Pennsylvania Prelimenary Two-Day Bear Harvest Results

BlackBear
Pennsylvania Bear Hunting Results
Pennsylvania Game Commission
Pennsylvania Game Commission

Harrisburg, PA -(Ammoland.com)- Hunters harvested 417 bears during the second day of Pennsylvania’s statewide bear season, increasing the total harvest to 2,040 over the season’s first two days, according to preliminary totals released Tuesday by the Pennsylvania Game Commission.

Archery and other early bear season harvest data still is being entered into the Game Commission’s database, and is not available at this time. Bears have been harvested in 53 counties during the statewide season so far. The top 10 bears processed at check stations by Tuesday were either estimated or confirmed to have live weights of 552 pounds or more.

The largest of those bears – a male estimated at 677 pounds – was taken in Pittsfield Township, Warren County by James M. Hultberg, of Pittsfield, Pa.

Other large bears include: a 623-pound male taken in West Buffalo Township, Union County by Fred F. Stoltzfus, of Lewisburg, Pa.; a 598-pound male taken in Muddy Creek Township, Butler County by Jeffrey L. McClymonds of Slippery Rock, Pa.; a 574-pound male taken in Tyrone Township, Blair County, by Ray E. Golden, of Tyrone, Pa.; a 560-pound male taken in Black Township, Somerset County, by Derek J. Wheeler, of Uniontown; a 559-pound male taken in Delmar Township, Tioga County by K.L. Sarangoulis, of Reading, Pa.; a 558-pound male taken in West Branch Township, Potter County, by Colton P. Group, of Landisburg, Pa.; a 557-pound male taken in Portage Township, Cambria County, by Brett A. Robine, of Irwin, Pa.; a 553-pound male taken in Decatur Township, Clearfield County, by Quentin C. McClarren, of West Decatur, Pa.; and a 552-pound male taken in Bradys Bend Township, Armstrong County, by Travis J. Crawford, of Kittanning, Pa.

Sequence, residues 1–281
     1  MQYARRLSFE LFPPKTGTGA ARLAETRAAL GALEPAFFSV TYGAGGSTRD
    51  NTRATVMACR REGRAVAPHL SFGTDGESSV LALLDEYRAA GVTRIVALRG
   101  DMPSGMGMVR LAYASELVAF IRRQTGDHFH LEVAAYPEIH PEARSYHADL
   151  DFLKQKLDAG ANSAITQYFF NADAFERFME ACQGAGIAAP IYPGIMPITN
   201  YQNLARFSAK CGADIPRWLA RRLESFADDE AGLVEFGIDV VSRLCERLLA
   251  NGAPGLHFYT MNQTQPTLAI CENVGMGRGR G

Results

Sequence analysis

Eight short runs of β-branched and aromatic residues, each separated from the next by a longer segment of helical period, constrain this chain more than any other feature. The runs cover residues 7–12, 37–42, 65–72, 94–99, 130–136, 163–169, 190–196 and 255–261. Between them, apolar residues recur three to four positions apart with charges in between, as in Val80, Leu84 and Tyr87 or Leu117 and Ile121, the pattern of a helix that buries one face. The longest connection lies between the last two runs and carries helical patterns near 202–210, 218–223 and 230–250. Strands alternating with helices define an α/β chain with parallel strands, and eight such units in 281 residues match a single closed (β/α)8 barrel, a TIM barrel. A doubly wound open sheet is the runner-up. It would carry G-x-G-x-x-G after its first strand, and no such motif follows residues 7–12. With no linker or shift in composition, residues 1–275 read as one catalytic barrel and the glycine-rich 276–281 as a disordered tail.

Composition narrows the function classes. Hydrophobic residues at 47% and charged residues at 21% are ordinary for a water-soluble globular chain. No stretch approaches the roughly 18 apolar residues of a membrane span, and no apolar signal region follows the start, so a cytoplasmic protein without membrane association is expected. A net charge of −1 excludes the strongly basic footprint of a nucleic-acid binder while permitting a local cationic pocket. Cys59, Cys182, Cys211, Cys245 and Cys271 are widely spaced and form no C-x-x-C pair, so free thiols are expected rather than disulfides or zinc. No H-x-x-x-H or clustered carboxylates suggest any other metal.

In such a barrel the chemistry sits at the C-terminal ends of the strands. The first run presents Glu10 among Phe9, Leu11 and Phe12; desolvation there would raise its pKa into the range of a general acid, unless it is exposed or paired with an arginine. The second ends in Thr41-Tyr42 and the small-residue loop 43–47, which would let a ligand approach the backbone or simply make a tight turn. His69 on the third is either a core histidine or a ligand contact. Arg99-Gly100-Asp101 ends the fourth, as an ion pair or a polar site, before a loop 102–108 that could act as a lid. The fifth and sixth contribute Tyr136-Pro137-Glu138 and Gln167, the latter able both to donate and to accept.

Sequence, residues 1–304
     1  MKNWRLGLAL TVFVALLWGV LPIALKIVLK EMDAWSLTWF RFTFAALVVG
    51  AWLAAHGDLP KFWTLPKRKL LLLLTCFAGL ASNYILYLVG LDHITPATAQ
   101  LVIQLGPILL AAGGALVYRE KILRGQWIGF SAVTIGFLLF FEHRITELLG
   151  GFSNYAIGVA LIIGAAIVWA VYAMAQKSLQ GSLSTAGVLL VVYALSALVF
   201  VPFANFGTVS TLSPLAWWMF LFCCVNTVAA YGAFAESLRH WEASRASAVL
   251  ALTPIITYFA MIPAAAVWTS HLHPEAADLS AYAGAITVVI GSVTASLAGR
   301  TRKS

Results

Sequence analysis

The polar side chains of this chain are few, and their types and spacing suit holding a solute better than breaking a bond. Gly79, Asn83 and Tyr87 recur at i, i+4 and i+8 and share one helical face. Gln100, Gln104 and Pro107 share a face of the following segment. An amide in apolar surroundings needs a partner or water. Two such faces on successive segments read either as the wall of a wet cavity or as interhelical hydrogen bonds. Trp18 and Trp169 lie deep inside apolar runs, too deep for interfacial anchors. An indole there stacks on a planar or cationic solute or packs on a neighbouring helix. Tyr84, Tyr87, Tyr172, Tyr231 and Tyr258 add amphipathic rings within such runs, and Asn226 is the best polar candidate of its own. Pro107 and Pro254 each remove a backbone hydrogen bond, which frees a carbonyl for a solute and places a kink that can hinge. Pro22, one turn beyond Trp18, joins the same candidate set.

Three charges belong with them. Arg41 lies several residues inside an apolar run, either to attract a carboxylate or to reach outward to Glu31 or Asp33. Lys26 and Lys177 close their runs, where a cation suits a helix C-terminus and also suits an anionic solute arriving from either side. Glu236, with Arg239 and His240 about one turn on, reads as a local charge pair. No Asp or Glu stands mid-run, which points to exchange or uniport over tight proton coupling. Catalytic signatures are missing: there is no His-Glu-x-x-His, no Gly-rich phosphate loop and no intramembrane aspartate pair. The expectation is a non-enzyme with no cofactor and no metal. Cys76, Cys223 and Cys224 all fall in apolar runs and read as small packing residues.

The 2014 two-day preliminary harvest is just four bears shy of the 2,044 bears taken during the first two days of the 2013 statewide season, when the overall harvest was 3,510 bears – the fifth-largest harvest in state history. The two-day total was 2,086 bears in 2012, when the season total was 3,632 – the third-largest harvest on record. The largest harvest – 4,350 bears – happened in 2011, when the preliminary two-day total numbered 2,709.

The preliminary two-day bear harvest by Wildlife Management Unit was as follows: WMU 1A, 8; WMU 1B, 65; WMU 2C, 193 ; WMU 2D, 96; WMU 2E, 35; WMU 2F, 209 ; WMU 2G, 480; WMU 2H, 55; WMU 3A, 127; WMU 3B, 167; WMU 3C, 58; WMU 3D, 142; WMU 4A, 81; WMU 4B, 80; WMU 4C, 53; WMU 4D, 162; WMU 4E, 25; WMU 5A, 3; and WMU 5C, 1.

Two-day day harvests by county and region are:

  • Northwest (292): Warren, 79; Venango, 46; Clarion, 43; Jefferson, 42; Forest, 35; Crawford, 20; Erie, 13; Butler, 11; and Mercer, 3.
  • Southwest (202): Fayette, 73; Somerset, 69; Armstrong, 21; Westmoreland, 18; Cambria, 10; and Indiana, 11.
  • Northcentral (910): Lycoming, 183; Tioga, 158; Clinton, 124; Potter, 92; Centre, 73; McKean, 72; Cameron, 65; Elk, 63; Clearfield, 54; and Union, 26.
  • Southcentral (250): Huntingdon, 57; Bedford, 51; Perry, 33; Mifflin, 28; Blair, 27; Fulton, 20; Juniata, 13; Snyder, 9; Franklin, 9; and Cumberland, 3.
  • Northeast (345): Pike, 67; Bradford, 44; Sullivan, 42; Luzerne, 40; Monroe, 33; Susquehanna, 27; Wayne, 26; Carbon, 24; Wyoming, 22; Lackawanna, 11; Columbia, 7; and Northumberland, 2.
  • Southeast (41): Schuylkill, 22; Dauphin, 13; Berks, 3; Lebanon, 1; Lehigh, 1; and Northampton, 1.

The top bear harvest county in the state on the first day of season was Lycoming County, with 183.

About the Pennsylvania Game Commission (PGC)

The Pennsylvania Game Commission is legally mandated to manage wildlife for the benefit of all Pennsylvanians, as well as all wildlife and the habitat that supports their existence. Pennsylvania’s Constitution and Game and Wildlife Code direct the Game Commission to protect, manage, and preserve wildlife and their habitat within the Commonwealth for the benefit of all people, including generations yet to come. Based on this direction, the Game Commission adopted the mission statement “to manage all wild birds, wild mammals, and their habitats for current and future generations.”

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